Now, there's a mansion hovering over our cinderblock shack, and the woods, once home to foxes, raccoons, and all manner of tiny animal, have been thinned to make visible some of the larger oaks and sycamore trees. The trees are ancient and beautiful, but it also makes our neighbor's house much more visible.

This painting is what's left of the woods between the properties.  The corn fields have transitioned to alfalfa; that's the golden streak you see running through the middle of the painting.


Piankatank Sunrise

Piankatank Sunrise
5" x 7" oil on board
$50 plus shipping

The mattress in my room at the river house is probably as old as the house. It's like sleeping in a creaky hammock with springs poking you on either side.  As usual, I couldn't sleep, so I decided to catch the sunrise. All in all, this took about 10 minutes to make. Hopefully, that's obvious in a good way, not a sloppy, ugly way. If you look closely, you can see a gnat flying into the heart of the sun.

Clothesline


Clothesline
8" x 10" oil on board
$70 plus shipping

This was the last of my Memorial Day river house paintings, painted the morning of my final day; the specter of packing and Memorial Day traffic with no air conditioner haunted this painting.


Violette's Lock

Violette's Lock
5" x 7" oil on board
Sold

I took a personal day last Wednesday, June 17th, even though it was a week before summer break because...well, because I felt like I deserved a day after SOL's, SOL remediation, and SOL retakes.  Plus,  it might have been the last chance I'll have to take the kayak out, or paint, before our baby is born.

This was an ambitious little adventure. I decided I would fish for a few hours after sunrise and then paint once the fishing slowed down. So I packed an oversized dry bag with my travel easel and painting supplies, thinking it would fit in the hold of my kayak. It didn't, so I strapped it to the back of the kayak and paddled off into the dark at Violette's Lock on the Maryland side of the Potomac River, a few miles west of Potomac, MD. Normally, the rapids around Violette's Lock are nothing to fear, but I realized as I put in that the river was up a bit.  The biggest rapid that you have to navigate at Violette's Lock is in the narrow inlet, immediately after you put in. There's a sizable drop located on a sharp bend and in the dark with the water up, it's a little scary. However, I made it through, and I caught some nice smallmouth along the broken down dam that stretches across the river next to the lock. This is an ideal fishing/paddling trip for lone paddlers because it doesn't require a shuttle.  You float down a mile and a half or so, hop over to the C&O Canal and paddle back to the starting point.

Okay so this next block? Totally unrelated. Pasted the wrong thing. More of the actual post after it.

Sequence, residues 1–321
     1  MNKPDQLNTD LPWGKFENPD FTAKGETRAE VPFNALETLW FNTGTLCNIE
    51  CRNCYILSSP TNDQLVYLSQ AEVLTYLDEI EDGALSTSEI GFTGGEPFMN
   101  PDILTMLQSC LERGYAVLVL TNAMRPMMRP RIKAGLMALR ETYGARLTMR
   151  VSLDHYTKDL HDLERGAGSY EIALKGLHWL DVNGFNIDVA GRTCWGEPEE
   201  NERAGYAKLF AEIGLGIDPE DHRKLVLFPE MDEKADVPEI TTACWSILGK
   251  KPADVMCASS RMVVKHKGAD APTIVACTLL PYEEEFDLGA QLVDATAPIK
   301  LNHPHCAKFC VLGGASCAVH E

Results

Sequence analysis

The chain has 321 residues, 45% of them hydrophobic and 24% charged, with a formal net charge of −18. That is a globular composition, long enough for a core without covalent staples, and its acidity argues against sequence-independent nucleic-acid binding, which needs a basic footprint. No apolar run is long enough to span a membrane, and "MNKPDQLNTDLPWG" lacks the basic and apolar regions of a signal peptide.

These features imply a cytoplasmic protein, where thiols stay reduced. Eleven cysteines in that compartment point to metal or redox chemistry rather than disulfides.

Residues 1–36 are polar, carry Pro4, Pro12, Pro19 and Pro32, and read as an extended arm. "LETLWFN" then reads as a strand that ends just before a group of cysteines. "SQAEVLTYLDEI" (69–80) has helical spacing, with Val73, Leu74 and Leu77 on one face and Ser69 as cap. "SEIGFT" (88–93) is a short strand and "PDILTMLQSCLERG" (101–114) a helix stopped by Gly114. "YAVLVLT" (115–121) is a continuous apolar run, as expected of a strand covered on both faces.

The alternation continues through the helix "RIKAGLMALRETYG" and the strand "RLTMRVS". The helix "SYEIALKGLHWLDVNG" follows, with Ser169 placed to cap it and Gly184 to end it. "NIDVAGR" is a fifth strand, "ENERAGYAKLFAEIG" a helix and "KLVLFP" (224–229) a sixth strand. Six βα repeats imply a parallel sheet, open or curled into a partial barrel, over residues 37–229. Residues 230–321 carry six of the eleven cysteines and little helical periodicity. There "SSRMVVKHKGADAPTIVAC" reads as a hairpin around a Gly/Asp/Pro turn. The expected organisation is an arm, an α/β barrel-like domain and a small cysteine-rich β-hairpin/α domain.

Painting was a little more difficult. As I daydreamed about my fishing/painting adventure during my off-periods leading up to my day off, everything was so much easier.  Idyllic scenes abounded, the ground was flat, and my paintings were fresh and beautiful.  As usual, reality did not match my delusions.  In fact, I dropped my painting completely under water twice!  How it arrived home not completely ruined is a miracle. And if you plan to purchase, beware that there may be some specs of Potomac River sediment embedded in the paint. Character...




Sunday, April 12, 2015

Philodendron Over Alaska

Philodendron Over Alaska
16" x 20" oil on board
Sold

This is an interesting painting. It's called Philodendron Over Alaska because it's painted directly over a painting I had started from a photo reference from my wife's trip to Alaska.  I just couldn't get the original painting to work, and it bothered me that I had wasted a perfectly good 16" x 20" board, which is larger than I usually paint.

I'm not sure what possessed me to paint over Alaska without sanding it down or attempting to wipe it away, but the result is kind of cool.  Because I used thick brushstrokes in the underpainting, there are lots of interesting textures throughout the still life.  It almost looks like it was painted on plywood.  And because I used the same palette to mix the underpainting, I was able to let it poke through in places.  For example, the red and lavender of the chair is all underpainting with the wall blocked in to form the shape.  In reality, the chair is black, but I thought the red underpainting complimented the vase and added to the harmony of the painting.  I used the same effect in parts of the philodendron where you can see red and lavender poking through.

Saturday, February 28, 2015

Kanlica Village

Kanlica Village
5" x 7" oil on board
$60 plus shipping